Miles’s Law postulates that “where you stand depends on where you sit”. How we think about things is a composite of the sum total of our life experiences predisposing us in a particular direction. If we understand how we got to where we are today as a sport and business then we can make predictions about where we are going in the future. Since we are a young industry we can learn from how other businesses in other industries evolved to forecast the path we might take.

First of all, how did we get to where we are today? In 1985, momentous legislation was passed by the federal government mandating that universities provide an equal number of athletic scholarships for both men and women. This, of course, was Title IX and it rocked the athletic world as we knew it. The combination of scholarships for women (the carrot) and the burgeoning cost of a college education (the stick) conflated to create an explosion in our volleyball world. Doors were opened for women that, theretofore, had been the sole province of the male gender.

As an adjunct to this development, colleges, armed with millions of scholarship dollars, needed an efficient way to scout players for their varsity teams. They discovered that it was much more economical for them to see twenty players on one weekend in one place than to travel the countryside to watch just one player perform on their high school team against overmatched competition.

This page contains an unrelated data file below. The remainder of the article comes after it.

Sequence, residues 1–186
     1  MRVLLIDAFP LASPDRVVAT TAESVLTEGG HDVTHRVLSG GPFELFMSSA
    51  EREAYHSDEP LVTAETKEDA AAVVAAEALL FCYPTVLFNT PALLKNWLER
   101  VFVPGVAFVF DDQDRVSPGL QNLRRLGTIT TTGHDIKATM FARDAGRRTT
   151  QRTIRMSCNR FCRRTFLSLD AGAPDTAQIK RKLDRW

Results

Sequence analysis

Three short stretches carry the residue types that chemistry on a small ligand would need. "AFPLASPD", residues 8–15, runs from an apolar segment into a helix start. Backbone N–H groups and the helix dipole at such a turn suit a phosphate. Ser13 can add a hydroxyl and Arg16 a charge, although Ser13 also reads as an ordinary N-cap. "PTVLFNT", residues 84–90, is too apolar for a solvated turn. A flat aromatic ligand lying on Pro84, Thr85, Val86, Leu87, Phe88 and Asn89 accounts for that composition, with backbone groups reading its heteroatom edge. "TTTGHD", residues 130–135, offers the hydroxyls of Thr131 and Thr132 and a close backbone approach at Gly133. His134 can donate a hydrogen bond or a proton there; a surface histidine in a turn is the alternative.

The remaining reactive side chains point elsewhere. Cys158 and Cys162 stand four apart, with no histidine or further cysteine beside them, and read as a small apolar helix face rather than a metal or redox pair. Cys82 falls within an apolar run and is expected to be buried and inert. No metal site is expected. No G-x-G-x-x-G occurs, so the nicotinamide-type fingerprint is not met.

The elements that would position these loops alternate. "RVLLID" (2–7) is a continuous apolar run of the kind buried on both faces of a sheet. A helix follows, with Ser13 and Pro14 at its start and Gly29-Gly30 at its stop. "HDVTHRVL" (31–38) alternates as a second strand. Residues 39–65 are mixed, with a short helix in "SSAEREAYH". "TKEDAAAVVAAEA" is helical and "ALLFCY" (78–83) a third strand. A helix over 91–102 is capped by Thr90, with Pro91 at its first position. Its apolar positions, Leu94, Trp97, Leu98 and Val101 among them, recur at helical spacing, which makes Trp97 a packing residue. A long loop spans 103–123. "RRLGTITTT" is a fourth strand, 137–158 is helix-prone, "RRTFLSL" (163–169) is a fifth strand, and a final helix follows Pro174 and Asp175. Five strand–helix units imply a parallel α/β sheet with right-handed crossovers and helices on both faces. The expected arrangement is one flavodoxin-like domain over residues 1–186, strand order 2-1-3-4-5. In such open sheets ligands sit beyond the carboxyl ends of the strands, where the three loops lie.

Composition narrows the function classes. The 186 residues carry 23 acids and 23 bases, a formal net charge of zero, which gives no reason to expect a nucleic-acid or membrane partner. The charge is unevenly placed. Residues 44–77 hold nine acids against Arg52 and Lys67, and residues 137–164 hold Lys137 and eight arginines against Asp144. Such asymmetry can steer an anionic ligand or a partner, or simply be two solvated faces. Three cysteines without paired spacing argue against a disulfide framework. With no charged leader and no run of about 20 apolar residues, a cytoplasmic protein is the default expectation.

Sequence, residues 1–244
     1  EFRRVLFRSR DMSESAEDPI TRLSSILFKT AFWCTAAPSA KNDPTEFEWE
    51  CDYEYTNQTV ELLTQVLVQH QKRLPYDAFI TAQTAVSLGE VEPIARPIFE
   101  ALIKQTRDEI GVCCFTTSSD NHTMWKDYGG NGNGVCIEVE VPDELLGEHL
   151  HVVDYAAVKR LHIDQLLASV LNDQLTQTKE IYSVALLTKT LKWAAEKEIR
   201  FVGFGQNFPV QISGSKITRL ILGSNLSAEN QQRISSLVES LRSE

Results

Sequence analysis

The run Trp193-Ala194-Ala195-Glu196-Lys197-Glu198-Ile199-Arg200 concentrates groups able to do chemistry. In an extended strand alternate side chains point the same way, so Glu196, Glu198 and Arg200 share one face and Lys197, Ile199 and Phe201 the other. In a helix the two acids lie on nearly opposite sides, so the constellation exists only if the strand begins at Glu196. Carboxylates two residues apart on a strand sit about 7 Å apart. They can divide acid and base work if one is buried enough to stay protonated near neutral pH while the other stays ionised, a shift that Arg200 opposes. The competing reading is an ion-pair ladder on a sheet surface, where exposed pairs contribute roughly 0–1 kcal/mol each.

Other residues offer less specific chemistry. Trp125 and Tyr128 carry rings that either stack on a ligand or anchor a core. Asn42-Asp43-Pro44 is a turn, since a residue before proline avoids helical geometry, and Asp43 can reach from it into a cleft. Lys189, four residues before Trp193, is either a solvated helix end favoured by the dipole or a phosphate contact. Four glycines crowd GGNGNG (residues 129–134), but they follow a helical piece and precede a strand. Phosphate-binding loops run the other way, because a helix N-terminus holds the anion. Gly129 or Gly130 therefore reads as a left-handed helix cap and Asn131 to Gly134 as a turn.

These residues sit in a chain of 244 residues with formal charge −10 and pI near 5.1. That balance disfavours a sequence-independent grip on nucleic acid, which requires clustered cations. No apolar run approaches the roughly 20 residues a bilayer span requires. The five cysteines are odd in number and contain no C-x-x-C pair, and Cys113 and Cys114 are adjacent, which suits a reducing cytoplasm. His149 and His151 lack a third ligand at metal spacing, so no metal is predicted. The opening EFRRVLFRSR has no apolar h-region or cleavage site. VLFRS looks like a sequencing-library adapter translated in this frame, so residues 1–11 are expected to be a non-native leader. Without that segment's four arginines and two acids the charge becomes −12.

Societal changes occurred, simultaneously, accelerating the growth of club volleyball. ESPN was born in 1979 and televised sports engendered a mammoth interest in all sports at the same time that a rising standard of living provided the means and leisure time to afford and participate in youth amateur sports like volleyball. The popularity of sand volleyball, in the Olympics, attracted millions of new fans to our sport.

The number of females playing volleyball now exceeds the number playing basketball at the AAU level. Moreover, at many universities, attendance at female volleyball games exceeds attendance for basketball games. The Big Ten and SEC television networks are televising more games each year and ESPN carries our national championships, now, at both the university and club levels.


Our sport has never been healthier and will surpass basketball as the most popular female sport in America. Our sport will attract more girls from other sports. With this increase in popularity, more games will be televised, player endorsements will be forthcoming, agents (for better or worse) will appear and our “age of innocence” will be challenged. It will take great leadership to ensure that our sport does not take on some of the seedier elements of boys basketball. We must understand that, as with any business, if you want to predict direction you must “follow the money”. Great leadership can ensure that the girls’ best interests are held above corporate interests.


What can we learn about our business from the experiences of other businesses? When you study other businesses like banks, hotels and restaurants you observe that they are consolidating nationally. This is true of most fragmented* industries as they mature. It is evolutionary and is driven by economies of scale, Darwin’s “Survival of the Fittest”, and the preference for talented people to work in larger companies that can pay higher salaries.

Lets’ study the history of the banking business to predict how our sport (business) might evolve. Each year, about 5% of all banks, nationally, are acquired or merged. When a bank is acquired, the cost of running that bank declines by about 30% because the “mother bank “assumes many of the functions the acquired bank performed. It might also install more sophisticated I.T. systems.